What start-ups should claim as expenses

Starting a business can be an expensive time. Many businesses take time to establish and don’t immediately give the owner a reasonable income, so it’s important that you claim whatever legitimate expenses you can, which will reduce your tax bill.

If you’ve formed a limited company you can claim relevant expenses for up to seven years before the business begins operations. We’ll discuss this with you when forming the company on your behalf, but it’s worth knowing and keeping documentation for anything you think might be relevant.

The key is that anything you claim must be wholly and legitimately a business expense, so no lunches out with the family and claiming it was a directors’ meeting!

What are the most common expenses that start-ups need to claim?

Mobile phone bills – you can only really claim these if they are in the name of the company, so if you have a personal mobile it’s worth speaking to your network to switch over to a business account.

Use of home – if you’re using your home as your office you can claim expenses against the legitimate costs of doing this. At the end of your first year of trading we’ll send you a short spreadsheet to complete with your expenses so we can calculate what can come off your tax bill.

Pension contributions – making company pension contributions is a very tax-efficient way of saving into a pension and they can also be deducted from your corporation tax. The situation is slightly different if you’re a sole trader as you can’t claim pension contributions as an expense against the business.

Washing branded clothing – there’s a little-known tax break which gives you £60 a year off your tax bill for washing company branded clothing. It’s available to employees as well as directors of limited companies and sole traders. Let us know you wear branded clothing when at work and we’ll make the arrangements when we do your tax return.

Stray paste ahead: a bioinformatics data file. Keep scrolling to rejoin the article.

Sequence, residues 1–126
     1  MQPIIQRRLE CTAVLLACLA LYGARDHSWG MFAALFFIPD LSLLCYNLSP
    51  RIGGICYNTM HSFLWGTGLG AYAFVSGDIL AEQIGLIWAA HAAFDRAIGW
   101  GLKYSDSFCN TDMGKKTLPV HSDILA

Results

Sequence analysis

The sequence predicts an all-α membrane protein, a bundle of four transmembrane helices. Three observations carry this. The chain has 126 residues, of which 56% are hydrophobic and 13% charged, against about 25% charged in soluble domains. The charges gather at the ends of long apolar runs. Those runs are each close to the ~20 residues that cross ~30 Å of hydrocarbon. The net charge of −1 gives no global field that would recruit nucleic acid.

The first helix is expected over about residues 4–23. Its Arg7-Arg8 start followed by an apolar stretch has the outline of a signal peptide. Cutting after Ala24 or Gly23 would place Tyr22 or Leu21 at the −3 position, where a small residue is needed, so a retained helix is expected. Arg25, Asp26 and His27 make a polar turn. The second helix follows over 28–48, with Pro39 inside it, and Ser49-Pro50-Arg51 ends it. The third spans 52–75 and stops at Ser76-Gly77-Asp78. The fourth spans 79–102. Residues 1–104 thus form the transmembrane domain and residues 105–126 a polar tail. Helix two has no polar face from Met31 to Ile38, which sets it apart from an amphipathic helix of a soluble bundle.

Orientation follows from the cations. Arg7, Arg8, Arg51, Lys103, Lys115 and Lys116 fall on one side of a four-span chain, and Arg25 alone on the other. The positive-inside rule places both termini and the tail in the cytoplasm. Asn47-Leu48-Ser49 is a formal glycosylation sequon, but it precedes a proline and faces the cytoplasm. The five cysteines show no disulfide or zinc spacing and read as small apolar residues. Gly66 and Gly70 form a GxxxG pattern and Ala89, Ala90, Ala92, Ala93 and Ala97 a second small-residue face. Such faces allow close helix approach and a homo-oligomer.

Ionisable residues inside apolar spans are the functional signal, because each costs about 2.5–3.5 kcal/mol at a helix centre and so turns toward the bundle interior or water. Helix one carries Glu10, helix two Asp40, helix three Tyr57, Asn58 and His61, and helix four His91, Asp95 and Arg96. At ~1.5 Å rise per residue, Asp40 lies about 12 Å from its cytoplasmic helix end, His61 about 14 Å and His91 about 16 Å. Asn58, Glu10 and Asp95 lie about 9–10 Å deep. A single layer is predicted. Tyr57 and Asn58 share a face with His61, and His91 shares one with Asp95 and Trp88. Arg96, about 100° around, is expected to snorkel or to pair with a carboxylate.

Goodwill – if you already had a good network of contacts and potential clients when you started your company we can claim that you have invested some “goodwill” into it by virtue of the potential benefits of these relationships. The value of goodwill is capped at £10,000 and it has to be knocked off your company tax bill over five years.

Set-up expenses – you’ll need both some equipment and, presumably, some other things like a website, business cards, and a LinkedIn profile in order to start your business. If you have taken professional advice – even if that was before you officially began work as a sole trader or formed your limited company – you can still claim the costs of that advice and other money you have paid for things directly and wholly related to the business, such as laptops, office furniture, and the costs of marketing.

Travel – keep a note of your mileage as soon as you start making business-related journeys, even if they are before you officially set up as you can claim the costs back against any tax bill. Once you’re officially a TLC client we’ll set you up on TripCatcher which makes it super-easy to log your mileage and make a claim.

Business insurance – there’s a variety of types of business insurance that you might need, from public liability to professional indemnity and cyber insurance. You’ll need to get advice from a qualified expert about what’s necessary and what’s recommended for your business (that’s not us, but we can signpost you to some). If you’ve formed a limited company you might also want to explore insurance like health, relevant life and business interruption, as the costs of these can also be legitimate business expenses.

The list of expenses you can claim is pretty long so if you want to read about even more, check out this article on Company Bug.

There are so many more expenses that start-ups can claim, we’ve just covered the main ones here (read more in this article) – if you need advice about starting your own business why not give one of our friendly team a call on 01937 534505?